The Washington PostDemocracy Dies in Darkness

Opinion The quiet vindication of Liz Cheney

Rep. Liz Cheney, Republican of Wyoming. (Photo: Al Drago, Bloomberg)

After Rep. Liz Cheney lost by 37 points in August to a primary challenger backed by Donald Trump, the former president displayed characteristic grace and generosity of spirit. Trump ripped the Wyoming Republican as a “fool,” hailing the result as a “rebuke of the Unselect Committee of political Hacks and Thugs.”

Despite that description, the Jan. 6 select committee, of which Cheney is vice chair, is still in business. Many of the most virulent election-denying candidates in the country have gone down to defeat — and the relentless focus on MAGA election denial, orchestrated in no small part by Cheney herself, is a key reason for the outcome.

The election results represent quiet vindication for Cheney. At a time when Cheney has demanded that Republicans fully renounce the spirit of insurrectionism Trump unleashed in the GOP, defeated candidates include all the election-denying nominees for secretary of state in key presidential battlegrounds such as Arizona, Nevada and Michigan.

Also defeated were GOP gubernatorial nominees in Pennsylvania, Michigan and Wisconsin. Taken together, all of these losses choke off pathways to a stolen 2024 election.

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But on a deeper level, Cheney’s basic theory about this moment in U.S. and GOP politics, to some degree at least, might be proving correct.

The underlying premise of Cheney’s past year holds that there exists a meaningful sliver of swing voters — including GOP-leaning independents and Republicans alienated by Trump — who could be influenced by a focus on election denialism and MAGA extremism.

In this theory, keeping up a months-long drumbeat of revelations about Trump’s effort to overturn U.S. democracy, while steadily arguing that GOP candidates who play footsie with election denialism are fundamentally unfit for public office, wouldn’t just be civically healthy. It might also have real electoral consequences, even if only on the margins.

As of now, most indications suggest that something like this did happen.

It’s hard to pin down the precise role that MAGA election denial played in the overall outcome. But as Nate Cohn points out, a clear pattern is discernible: In races where democracy itself was at stake — say, with election deniers vying for positions of control over elections, or overt supporters of the insurrection running for the House — Democrats overperformed, including with independent voters.

Abortion rights, of course, played a huge role in many of these races. But Cohn noted that in contests where democracy was “elevated” as an issue, voters “responded to those concerns.”

A similar dynamic was identified by GOP strategist Sarah Longwell of the Republican Accountability PAC, a group of Never Trumpers. Longwell says her focus groups found that independents and swing voters often spoke out against MAGA election-denying candidates despite being upset about the economy.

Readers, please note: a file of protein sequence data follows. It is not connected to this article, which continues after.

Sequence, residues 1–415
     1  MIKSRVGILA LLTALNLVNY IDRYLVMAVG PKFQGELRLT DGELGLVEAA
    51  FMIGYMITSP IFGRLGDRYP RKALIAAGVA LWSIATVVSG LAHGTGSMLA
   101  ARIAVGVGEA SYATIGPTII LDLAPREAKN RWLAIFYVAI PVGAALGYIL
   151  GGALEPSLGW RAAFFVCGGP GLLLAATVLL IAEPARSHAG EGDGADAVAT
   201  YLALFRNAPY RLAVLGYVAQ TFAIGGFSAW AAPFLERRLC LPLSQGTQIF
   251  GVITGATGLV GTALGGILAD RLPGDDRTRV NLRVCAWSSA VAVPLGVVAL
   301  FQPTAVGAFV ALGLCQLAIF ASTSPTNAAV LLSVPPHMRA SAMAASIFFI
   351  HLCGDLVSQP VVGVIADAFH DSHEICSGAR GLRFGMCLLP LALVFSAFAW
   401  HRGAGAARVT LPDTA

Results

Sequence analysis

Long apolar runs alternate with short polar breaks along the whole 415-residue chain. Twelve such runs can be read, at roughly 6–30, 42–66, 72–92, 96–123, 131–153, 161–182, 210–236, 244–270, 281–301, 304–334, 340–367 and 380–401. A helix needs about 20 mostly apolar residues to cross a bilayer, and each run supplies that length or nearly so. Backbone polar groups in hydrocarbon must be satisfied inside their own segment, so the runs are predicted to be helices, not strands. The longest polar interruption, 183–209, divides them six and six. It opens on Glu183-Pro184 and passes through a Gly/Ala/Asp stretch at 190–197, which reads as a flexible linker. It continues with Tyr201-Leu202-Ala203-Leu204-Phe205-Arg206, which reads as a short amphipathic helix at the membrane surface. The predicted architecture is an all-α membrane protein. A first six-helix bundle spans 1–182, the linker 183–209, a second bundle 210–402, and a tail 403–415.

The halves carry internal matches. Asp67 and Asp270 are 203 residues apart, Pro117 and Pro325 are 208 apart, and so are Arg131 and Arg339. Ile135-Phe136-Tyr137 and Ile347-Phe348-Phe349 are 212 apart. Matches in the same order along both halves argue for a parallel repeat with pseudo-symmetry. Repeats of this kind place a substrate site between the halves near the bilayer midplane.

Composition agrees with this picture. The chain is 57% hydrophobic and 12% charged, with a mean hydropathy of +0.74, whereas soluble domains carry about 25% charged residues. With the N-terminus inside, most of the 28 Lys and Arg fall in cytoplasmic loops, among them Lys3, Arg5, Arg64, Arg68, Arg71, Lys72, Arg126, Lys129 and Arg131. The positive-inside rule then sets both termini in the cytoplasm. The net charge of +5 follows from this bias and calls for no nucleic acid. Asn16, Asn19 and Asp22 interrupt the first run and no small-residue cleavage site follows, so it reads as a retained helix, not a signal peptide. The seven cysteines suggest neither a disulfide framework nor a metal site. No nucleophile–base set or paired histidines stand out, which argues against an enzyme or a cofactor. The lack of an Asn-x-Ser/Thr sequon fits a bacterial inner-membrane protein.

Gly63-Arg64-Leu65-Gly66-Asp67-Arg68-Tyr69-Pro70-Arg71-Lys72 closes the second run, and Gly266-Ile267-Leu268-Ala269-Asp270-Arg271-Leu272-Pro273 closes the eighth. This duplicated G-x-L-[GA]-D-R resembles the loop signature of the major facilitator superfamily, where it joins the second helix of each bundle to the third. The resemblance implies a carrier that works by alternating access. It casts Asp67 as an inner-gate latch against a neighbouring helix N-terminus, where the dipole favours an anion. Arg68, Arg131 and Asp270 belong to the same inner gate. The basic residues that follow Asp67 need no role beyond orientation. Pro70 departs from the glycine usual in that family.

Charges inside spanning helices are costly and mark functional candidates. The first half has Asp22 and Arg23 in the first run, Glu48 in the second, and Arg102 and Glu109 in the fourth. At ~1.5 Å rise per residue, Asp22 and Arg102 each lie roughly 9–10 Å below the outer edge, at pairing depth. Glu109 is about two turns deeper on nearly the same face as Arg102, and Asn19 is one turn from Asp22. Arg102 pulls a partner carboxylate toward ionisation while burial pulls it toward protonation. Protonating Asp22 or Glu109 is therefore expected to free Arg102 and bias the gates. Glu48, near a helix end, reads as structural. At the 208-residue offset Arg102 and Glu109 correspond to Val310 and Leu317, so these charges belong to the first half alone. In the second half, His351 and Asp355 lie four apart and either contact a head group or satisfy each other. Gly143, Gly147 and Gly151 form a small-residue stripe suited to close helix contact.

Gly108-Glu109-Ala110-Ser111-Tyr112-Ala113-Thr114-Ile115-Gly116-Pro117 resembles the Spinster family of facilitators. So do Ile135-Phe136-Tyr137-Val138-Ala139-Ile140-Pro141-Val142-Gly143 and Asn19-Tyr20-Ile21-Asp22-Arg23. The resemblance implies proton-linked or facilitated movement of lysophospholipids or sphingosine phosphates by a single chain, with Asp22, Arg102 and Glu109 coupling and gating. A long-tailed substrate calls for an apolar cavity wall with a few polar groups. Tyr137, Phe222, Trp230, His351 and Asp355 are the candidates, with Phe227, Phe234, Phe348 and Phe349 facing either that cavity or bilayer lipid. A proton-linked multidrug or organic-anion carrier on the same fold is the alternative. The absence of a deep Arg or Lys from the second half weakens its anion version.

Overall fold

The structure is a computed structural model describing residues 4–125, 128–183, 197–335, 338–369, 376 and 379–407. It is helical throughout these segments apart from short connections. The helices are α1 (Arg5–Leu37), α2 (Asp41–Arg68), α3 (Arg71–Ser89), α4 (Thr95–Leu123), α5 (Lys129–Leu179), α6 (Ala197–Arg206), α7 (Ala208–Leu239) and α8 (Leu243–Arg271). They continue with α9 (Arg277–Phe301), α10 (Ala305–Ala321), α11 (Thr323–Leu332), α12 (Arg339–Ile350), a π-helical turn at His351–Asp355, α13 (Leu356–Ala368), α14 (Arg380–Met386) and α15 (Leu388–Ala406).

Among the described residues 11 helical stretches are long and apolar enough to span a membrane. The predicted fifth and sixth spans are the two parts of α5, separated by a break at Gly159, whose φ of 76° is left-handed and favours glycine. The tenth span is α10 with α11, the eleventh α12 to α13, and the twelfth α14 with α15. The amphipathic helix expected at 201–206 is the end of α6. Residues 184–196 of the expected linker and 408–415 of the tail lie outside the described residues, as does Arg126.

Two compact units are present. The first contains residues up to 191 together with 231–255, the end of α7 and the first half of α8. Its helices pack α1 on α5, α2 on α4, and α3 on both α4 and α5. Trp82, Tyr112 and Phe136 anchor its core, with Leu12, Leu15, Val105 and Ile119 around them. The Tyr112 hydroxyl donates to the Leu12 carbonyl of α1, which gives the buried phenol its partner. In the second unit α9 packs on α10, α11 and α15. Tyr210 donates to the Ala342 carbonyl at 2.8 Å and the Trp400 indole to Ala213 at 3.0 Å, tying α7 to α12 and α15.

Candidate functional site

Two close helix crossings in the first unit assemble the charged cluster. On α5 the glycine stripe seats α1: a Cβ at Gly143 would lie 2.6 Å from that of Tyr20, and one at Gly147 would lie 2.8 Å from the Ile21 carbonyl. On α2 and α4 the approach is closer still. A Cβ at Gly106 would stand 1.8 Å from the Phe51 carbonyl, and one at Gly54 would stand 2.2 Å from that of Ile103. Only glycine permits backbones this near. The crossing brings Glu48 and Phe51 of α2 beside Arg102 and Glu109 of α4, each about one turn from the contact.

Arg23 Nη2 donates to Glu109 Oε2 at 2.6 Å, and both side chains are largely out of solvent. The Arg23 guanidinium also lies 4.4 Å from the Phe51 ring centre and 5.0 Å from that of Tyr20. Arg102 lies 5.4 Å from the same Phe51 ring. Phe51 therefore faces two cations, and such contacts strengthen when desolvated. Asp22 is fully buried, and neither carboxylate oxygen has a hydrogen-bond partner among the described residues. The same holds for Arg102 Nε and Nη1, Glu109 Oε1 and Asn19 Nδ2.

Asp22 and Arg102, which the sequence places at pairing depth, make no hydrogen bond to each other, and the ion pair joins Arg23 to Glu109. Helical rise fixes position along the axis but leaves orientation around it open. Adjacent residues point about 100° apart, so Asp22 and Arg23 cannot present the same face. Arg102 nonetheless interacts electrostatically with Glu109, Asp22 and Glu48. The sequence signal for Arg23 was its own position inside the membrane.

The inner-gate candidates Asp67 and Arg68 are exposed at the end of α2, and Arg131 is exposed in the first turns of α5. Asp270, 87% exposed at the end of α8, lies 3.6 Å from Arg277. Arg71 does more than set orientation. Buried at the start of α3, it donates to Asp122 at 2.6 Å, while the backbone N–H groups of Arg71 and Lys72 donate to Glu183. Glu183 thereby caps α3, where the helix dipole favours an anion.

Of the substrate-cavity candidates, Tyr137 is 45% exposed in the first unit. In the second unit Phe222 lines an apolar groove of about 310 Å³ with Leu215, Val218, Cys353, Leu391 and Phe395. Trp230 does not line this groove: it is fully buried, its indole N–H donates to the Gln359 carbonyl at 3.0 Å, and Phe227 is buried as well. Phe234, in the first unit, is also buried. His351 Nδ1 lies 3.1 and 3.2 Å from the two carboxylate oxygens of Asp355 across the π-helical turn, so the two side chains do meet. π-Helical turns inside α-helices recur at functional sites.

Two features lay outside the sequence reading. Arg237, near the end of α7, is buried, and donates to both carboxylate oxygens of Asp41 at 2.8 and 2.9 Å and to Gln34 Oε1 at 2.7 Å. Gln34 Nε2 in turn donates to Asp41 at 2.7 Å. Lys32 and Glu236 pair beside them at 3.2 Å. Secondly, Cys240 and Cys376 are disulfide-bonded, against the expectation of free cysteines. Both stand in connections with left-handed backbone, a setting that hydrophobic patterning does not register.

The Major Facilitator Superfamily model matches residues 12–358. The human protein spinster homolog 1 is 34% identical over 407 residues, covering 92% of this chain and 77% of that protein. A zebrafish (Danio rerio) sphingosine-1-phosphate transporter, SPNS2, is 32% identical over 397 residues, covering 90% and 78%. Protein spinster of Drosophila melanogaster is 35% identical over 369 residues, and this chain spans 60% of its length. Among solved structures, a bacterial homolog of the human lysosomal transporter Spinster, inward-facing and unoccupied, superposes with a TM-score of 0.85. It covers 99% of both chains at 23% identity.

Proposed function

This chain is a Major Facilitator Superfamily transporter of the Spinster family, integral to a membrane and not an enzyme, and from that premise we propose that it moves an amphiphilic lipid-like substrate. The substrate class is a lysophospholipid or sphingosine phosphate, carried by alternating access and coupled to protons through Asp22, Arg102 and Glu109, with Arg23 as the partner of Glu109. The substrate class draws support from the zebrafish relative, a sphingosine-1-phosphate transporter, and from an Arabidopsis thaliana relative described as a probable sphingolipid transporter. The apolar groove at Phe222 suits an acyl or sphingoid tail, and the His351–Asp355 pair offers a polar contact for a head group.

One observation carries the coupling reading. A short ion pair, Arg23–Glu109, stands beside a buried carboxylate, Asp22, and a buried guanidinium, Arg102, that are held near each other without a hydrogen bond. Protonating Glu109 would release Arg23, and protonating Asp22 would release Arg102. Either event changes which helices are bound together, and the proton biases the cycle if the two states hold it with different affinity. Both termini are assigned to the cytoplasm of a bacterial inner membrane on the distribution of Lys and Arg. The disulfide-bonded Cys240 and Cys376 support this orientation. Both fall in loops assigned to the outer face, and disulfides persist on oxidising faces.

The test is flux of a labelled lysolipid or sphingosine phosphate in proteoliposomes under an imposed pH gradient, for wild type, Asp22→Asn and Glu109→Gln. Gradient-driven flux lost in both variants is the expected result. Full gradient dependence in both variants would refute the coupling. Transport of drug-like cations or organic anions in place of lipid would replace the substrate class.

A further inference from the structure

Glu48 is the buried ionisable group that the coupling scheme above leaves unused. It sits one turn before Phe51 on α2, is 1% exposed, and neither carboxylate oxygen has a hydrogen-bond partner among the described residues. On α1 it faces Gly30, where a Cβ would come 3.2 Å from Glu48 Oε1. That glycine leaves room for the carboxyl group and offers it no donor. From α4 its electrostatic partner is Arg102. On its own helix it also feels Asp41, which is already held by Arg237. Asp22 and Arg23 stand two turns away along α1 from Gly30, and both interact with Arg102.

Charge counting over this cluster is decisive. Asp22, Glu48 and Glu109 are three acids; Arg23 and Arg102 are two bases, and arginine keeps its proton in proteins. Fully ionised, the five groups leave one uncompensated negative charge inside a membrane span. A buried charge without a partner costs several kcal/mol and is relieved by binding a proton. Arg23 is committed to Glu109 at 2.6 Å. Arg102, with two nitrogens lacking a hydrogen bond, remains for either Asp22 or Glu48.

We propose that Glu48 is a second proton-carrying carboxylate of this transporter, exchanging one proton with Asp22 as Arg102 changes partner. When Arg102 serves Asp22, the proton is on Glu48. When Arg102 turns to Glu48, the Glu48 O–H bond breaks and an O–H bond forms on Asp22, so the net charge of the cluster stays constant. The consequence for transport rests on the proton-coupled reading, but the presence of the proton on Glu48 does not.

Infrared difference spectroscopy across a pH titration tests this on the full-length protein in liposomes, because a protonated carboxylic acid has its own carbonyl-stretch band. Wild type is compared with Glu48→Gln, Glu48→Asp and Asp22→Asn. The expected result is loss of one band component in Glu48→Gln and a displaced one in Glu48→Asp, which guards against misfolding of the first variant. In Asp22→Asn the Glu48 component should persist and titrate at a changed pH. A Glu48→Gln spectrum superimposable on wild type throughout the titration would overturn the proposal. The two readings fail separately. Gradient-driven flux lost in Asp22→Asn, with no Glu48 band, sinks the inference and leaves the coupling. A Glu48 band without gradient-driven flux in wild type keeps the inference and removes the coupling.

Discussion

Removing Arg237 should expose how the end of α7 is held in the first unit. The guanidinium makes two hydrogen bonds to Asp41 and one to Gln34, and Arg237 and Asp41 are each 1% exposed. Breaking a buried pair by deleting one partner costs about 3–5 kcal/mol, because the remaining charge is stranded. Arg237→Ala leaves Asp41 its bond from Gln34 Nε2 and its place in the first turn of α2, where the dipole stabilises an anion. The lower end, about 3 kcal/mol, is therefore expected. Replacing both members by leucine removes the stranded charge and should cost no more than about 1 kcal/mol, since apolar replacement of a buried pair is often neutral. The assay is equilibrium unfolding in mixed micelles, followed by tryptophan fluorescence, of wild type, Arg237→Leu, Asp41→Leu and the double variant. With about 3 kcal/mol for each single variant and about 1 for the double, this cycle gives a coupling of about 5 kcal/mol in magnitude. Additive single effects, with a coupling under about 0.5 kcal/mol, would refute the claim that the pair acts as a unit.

“The reason was always that the Republican candidate was nuts,” Longwell told me, adding that focus group participants regularly cited election denial as a proof point.

Longwell’s group ran ads attacking GOP nominees in gubernatorial and secretary of state races in Arizona, Nevada, Pennsylvania and Michigan. The ads highlighted their unfitness for office.

Similarly, Cheney’s own PAC ran $500,000 in ads attacking election deniers running for governor and secretary of state in Arizona. At stake, those ads declared, was “the survival of our republic.”

Mark Finchem, the nominee for secretary of state in Arizona, lost. Kari Lake, the gubernatorial candidate, might be headed for defeat. Lake could still survive, but even if so, virtually all the most dangerous candidates have gone down.

Cheney has also secured quiet vindication in another way: Rep. Elise Stefanik (R-N.Y.), who replaced Cheney in the House GOP leadership after her ouster, has seen her own comeuppance.

Stefanik’s story is instructive. She plainly decided going full MAGA was her ticket to glory: Stefanik has been a serial promoter of Trump’s 2020 lies, and last spring, she described herself as “ultra-MAGA” and “proud of it.”

That was back when MAGA Republicans were flush with confidence, anticipating a smashing victory that they’d cite to pretend the American people were filled with regret about ousting Trump. That would pave the way for a Trump restoration.

But reality hasn’t cooperated. Prominent MAGA House candidates endorsed by Stefanik’s PAC, such as former Trump aide Karoline Leavitt, have also lost winnable races. While Republicans will likely take the House, their majority will be so narrow that full-blown chaos will be routine.

It’s sometimes argued that pro-democracy liberals should look askance at Cheney’s support for the cause, because of her opposition to Democratic bills expanding voting rights and her association with the excesses of her father’s war on terrorism. But one can criticize those things while welcoming Cheney’s singular efforts on behalf of democracy.

Those efforts cost Cheney her seat in Congress. But the outcome of the 2022 elections is providing her with quiet vindication. And it is well deserved.

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